By Baila Sebrow

By Baila Sebrow

Question

I have no one else to turn to with my problem, because nobody thinks I have a problem. I am going to share my background so you can understand me. My parents were Holocaust survivors who came here with nothing. They gave my siblings and me a beautiful life, because they worked hard and became wealthy. No one gave them anything. They taught us that money is important, and people respect people who have money. That’s the way it is. They made us all get a good education and forced us to become professionals, because that’s the way it is in America. You have to be somebody big.

I got my education, and it was not easy. I worked very hard to get to where I am. Then I got engaged to a man, and my parents didn’t like him. At first, he seemed like everything they would want, and I was crazy about him, but they found out that he was not from a respectable family, so I broke the engagement like they asked me to do. Not long after, I married another man, who came from some money, and my parents liked him because they thought he had the potential to make lots of money. That never happened, and the marriage was a disaster. He was not bad to me, but I just had no respect for him. He was never able to earn that much, and I made more money than him that helped support our household. We got divorced when I just couldn’t take it anymore. I was alone for a long time.

Years later, I started dating a man whose family has been friends with my family for years, and he wants to marry me. He loves me and he is crazy about me, but I have a problem again. He has a good job but is not the most ambitious person, and, again, I make more money than he does. He also complains about how expensive everything is. I am not used to that. I like to spend money on the finer things in life. Why not? He does not see it that way. I asked a few people, and they’re telling me that I am making the biggest mistake of my life if I don’t marry him, and that he is my last chance. Should I marry a man I don’t respect, or spend the rest of my life alone?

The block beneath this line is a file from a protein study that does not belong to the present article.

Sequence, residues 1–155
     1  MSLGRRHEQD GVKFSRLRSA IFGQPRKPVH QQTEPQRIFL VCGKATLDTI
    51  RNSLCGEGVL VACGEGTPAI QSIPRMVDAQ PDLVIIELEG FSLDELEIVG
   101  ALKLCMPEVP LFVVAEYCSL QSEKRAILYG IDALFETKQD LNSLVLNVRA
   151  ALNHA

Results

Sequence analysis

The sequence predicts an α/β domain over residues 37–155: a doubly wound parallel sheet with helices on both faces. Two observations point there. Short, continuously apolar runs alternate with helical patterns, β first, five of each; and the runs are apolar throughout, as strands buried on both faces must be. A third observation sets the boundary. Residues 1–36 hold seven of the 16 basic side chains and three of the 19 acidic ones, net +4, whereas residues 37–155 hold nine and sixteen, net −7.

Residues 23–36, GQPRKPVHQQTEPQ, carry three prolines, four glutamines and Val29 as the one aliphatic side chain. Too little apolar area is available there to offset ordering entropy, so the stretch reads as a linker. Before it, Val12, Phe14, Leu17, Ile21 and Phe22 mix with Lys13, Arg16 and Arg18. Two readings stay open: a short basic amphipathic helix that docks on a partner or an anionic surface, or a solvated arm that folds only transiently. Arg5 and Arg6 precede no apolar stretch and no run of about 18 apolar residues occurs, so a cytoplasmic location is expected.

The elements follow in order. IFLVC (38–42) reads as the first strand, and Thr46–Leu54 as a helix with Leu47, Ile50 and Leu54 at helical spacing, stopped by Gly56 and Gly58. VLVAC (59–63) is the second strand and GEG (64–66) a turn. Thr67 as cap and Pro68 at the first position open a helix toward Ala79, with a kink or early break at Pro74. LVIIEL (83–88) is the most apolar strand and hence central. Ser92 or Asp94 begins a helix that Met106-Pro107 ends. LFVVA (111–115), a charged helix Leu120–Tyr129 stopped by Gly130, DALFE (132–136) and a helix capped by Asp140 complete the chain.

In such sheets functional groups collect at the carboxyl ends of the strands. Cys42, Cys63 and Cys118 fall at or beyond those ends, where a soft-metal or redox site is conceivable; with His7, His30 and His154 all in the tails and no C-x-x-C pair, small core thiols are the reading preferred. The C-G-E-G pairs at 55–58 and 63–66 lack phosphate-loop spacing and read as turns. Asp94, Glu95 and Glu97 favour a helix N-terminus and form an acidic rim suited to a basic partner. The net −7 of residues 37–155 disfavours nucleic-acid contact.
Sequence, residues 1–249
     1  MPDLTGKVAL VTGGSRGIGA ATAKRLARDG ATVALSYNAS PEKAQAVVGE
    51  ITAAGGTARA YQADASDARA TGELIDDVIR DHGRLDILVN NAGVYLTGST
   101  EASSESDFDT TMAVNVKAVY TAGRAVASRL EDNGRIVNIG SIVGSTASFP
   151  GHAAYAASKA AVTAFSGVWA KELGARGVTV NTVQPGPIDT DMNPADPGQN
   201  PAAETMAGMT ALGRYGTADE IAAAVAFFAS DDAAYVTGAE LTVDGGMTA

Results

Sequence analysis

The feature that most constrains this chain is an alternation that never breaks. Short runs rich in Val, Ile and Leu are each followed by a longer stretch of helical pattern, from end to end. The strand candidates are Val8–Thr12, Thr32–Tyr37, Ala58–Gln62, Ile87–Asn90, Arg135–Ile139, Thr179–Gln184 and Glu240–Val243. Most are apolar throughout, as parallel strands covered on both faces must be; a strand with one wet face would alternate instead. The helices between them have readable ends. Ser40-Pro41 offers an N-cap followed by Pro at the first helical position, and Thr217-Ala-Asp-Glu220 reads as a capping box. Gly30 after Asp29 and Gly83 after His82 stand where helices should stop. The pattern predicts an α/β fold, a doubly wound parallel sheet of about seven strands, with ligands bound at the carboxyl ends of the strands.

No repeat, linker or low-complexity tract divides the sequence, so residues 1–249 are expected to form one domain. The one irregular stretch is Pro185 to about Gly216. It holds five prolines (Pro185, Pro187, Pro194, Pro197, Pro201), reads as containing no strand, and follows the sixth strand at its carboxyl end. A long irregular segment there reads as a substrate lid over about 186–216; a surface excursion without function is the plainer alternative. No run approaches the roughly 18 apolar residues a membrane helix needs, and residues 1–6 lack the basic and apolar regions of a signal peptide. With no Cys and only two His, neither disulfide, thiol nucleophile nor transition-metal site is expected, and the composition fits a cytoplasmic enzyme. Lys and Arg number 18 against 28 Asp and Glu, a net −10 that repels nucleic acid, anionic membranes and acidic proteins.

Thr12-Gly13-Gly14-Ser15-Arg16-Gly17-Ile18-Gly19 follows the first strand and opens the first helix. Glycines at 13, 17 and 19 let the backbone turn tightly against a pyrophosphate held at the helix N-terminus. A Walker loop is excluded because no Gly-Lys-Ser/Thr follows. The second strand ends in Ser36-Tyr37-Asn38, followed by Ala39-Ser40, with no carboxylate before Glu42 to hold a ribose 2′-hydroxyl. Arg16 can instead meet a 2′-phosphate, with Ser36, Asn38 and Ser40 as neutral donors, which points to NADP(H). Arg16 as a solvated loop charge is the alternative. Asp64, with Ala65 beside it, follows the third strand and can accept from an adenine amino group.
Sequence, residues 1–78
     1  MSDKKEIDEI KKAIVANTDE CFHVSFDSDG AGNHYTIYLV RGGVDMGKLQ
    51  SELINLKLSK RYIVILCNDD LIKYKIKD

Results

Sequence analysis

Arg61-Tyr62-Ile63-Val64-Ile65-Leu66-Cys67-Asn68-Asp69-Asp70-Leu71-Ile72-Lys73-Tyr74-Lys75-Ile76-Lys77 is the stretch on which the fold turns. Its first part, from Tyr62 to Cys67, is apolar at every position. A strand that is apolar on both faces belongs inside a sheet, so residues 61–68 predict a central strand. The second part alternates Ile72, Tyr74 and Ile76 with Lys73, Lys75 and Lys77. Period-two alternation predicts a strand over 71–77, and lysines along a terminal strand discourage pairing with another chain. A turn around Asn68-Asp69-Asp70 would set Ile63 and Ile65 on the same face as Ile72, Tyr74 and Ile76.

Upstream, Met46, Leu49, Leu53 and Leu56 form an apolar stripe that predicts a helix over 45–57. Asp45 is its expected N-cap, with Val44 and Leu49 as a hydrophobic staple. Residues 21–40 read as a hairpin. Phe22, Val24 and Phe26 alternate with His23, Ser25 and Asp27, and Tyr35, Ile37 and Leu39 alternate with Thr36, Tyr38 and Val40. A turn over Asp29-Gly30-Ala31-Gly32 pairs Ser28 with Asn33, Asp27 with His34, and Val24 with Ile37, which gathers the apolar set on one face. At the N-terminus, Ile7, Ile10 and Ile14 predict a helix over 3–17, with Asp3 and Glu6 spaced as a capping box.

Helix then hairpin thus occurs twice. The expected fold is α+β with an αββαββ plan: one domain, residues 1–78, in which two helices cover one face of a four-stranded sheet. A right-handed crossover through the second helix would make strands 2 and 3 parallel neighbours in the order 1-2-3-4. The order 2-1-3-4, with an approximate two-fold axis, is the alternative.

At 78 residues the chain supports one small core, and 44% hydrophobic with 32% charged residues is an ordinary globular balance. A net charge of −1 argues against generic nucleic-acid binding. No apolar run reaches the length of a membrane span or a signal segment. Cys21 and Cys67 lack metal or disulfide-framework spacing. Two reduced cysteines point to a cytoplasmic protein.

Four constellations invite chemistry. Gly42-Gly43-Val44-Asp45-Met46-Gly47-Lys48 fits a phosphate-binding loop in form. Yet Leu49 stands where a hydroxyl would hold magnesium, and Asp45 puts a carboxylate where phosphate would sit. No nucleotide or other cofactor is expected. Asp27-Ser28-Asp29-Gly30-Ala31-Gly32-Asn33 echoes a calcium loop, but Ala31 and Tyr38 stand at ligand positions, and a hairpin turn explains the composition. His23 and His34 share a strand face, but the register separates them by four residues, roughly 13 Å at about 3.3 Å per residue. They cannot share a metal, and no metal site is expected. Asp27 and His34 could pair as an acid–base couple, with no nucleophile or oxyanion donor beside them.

Response

If you are married to someone you do not respect, you will always feel alone! A person might be surrounded by many people, yet feel lonely, while another person can physically be all alone, but feel content by oneself. It is about personal perspective.

Forgive me for saying this, but the mentality with which your parents raised you, regarding money and respect, is skewed. Your parents meant well; however, they arrived in this country having not just lost material necessities, but probably family and their tangible history. They were traumatized and devastated in ways that are almost impossible to grasp. Not only that, but they lacked an organized support system. Though there were funds established for food and clothing after the war, there was none for psychological assistance. These poor souls had to fend for themselves. Most survivors married quickly after the war, and each spouse leaned on the other very heavily while trying to raise a family. They figured things out by their own assessments, which in most cases was unhealthy, and that is how they raised their children.

Holocaust survivors may have physically survived the atrocities committed against them, but emotionally they never recovered. It does not matter how much money they made or how successful they managed to become. The fact remains that the brutalities they witnessed and experienced became part and parcel of who they were—forever. And it did not stop there. Their children continued to feel the legacy of that pain.

It was not uncommon for Holocaust survivors to obsess that their children become highly educated so they could gain a profession. That mentality came as a direct result of Jews losing the opportunity to study under the Nazi ideology. There are so many other facets to the thought system Holocaust survivors acquired in order to create success in spite of their tormentors that it would take a separate article to explain. The reason I am briefly addressing it is so you can understand that where your parents were coming from emotionally is not a perspective that you need to maintain, especially if it means hindering your future happiness.

The past is gone, and the present is gifted to us so that we can move from what was to create what will become. Your first engagement ended because your parents had no respect for his family, and your marriage to the man who followed failed because you could not respect him. You now have been given a third chance that few are fortunate to behold.